How to Get Back Into Exercise After Time Off

Woman exercising with her dog

With COVID-19 restrictions slowly starting to ease, you are probably itching to get back into exercise – I mean, I know I am.

However, I am here to tell you that you should probably take it little slower than you would like.

In fact, you definitely should.

See, when you start getting into exercise after time off, you want to make sure you start at a point that was easier than when you finished.

And this is because periods of inactivity – like the last couple of months, for instance – can have some rather negative effects on your health and your fitness.

How does inactivity affect health?

Male athlete performing headstand

Prepare yourself for some rather shocking information here (Novosa 2014; Pišot 2016).

OK so, maybe not that shocking – I mean, you all know that exercise is good for you, so it should make sense that not exercising is not good for you.

Prolonged periods of physical inactivity have been shown to have a myriad of negative effects on health and wellbeing. In fact, those people who are physically inactive are at much higher risk of developing diabetes, heart disease, osteoporosis, depression, and anxiety.

Oh, and they are also at an increased risk of becoming overweight or obese.

Now, interestingly, even short term physical inactivity (say, between 5 and 14 days) has been shown to cause significant declines in cardiovascular function and blood cholesterol levels, combined with an increase in inflammation – all of which indicate a decline in health.

It is important to note that these effects increase with the severity of physical inactivity.

This means that if you are still getting up, walking around, and doing things like gardening and cleaning daily, then this is only going to occur on a very small scale. However, if you have been doing nothing but watching Netflix for the past 2 months, then you could be in some trouble.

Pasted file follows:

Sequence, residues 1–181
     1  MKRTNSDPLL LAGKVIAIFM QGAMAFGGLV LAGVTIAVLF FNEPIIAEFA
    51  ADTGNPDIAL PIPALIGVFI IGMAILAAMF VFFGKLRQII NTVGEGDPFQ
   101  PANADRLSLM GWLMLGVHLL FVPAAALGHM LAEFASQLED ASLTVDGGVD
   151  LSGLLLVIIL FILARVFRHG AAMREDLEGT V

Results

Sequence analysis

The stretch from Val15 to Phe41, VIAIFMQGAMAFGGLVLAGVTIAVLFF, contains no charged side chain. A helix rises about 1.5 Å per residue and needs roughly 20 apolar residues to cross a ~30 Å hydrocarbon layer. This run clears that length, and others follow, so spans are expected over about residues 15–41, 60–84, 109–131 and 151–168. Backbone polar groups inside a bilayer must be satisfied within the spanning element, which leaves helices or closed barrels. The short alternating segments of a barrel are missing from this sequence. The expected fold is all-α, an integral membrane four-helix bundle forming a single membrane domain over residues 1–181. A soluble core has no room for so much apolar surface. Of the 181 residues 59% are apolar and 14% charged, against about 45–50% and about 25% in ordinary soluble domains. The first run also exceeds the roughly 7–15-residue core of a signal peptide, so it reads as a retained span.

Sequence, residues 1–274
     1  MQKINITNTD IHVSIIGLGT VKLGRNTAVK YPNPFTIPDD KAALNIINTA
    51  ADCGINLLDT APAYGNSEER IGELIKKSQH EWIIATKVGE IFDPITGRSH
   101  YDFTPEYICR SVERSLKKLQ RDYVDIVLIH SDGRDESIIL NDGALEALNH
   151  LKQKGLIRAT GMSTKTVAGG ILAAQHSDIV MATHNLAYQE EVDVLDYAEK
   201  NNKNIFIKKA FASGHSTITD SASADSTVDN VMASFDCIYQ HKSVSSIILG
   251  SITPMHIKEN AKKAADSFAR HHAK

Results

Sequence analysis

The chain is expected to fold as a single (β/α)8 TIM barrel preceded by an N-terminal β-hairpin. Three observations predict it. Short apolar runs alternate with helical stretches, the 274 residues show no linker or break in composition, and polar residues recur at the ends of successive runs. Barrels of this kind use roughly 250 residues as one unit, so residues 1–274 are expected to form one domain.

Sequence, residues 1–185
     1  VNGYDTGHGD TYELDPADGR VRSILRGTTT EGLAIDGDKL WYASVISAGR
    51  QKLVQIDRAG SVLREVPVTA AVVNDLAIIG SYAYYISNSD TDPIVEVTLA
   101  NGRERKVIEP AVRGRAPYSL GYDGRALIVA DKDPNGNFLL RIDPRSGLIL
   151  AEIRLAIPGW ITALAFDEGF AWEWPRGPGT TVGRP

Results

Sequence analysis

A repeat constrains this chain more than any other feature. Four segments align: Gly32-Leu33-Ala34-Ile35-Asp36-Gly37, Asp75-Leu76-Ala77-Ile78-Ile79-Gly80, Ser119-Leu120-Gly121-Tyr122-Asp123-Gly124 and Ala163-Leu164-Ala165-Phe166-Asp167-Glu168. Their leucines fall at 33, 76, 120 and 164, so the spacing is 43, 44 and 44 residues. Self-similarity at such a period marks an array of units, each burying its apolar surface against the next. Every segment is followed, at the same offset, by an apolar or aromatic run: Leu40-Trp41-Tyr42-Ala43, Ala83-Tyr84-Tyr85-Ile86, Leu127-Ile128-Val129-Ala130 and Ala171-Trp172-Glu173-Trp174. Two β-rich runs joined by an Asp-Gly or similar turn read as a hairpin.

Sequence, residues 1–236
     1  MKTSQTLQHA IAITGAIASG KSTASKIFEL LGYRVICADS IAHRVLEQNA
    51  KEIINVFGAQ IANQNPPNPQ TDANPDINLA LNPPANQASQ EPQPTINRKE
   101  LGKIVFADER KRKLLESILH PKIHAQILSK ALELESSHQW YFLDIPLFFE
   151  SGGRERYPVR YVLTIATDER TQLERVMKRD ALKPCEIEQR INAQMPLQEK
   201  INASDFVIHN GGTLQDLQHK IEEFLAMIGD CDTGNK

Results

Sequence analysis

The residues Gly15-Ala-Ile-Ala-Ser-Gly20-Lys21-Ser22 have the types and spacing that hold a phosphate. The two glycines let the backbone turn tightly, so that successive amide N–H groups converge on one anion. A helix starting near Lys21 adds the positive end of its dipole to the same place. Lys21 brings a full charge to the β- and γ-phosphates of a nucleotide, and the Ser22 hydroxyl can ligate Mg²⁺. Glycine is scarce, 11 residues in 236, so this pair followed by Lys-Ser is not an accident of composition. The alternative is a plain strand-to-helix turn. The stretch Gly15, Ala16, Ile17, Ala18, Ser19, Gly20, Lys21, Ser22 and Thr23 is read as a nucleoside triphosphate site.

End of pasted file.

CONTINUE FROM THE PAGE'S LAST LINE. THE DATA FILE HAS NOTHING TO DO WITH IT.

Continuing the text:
How does inactivity affect fitness?

Alzheimer’s

We have spent a bit of time talking about health – but what about fitness?

As you might expect, periods of inactivity can result in a decline fitness across several different of measures. But it may take a little longer then you think (McMaster 2013; Hwang 2017; Mujika 2012).

In general, if quarantine has forced you to completely stop strength training, then it is likely that you would have maintained almost all your strength for about three weeks – after which, it will steadily decline.

Interestingly, you start to lose muscle mass somewhere between 2 and 3 weeks of inactivity, which suggests that we keep neural adaptations a little longer than muscular adaptations.

This is all well and good, but what about aerobic fitness?

Well, for all you cardio animals out there, the news is slightly less good.

Research has shown that your aerobic performance will start to decline after about two weeks of detraining. Even worse, some studies have shown a decline in performance of up to 25% after four weeks off.

Not good.

As with the above, it is highly likely that some of these losses will have been attenuated if you have been doing some exercise at home over the last couple of months.